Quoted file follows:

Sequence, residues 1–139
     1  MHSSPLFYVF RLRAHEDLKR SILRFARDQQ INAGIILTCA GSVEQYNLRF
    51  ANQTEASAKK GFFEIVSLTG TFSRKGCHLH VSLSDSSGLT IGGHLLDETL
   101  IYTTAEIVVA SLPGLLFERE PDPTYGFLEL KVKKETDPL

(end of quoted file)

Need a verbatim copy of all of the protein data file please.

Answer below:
Sequence, residues 1–139
     1  MHSSPLFYVF RLRAHEDLKR SILRFARDQQ INAGIILTCA GSVEQYNLRF
    51  ANQTEASAKK GFFEIVSLTG TFSRKGCHLH VSLSDSSGLT IGGHLLDETL
   101  IYTTAEIVVA SLPGLLFERE PDPTYGFLEL KVKKETDPL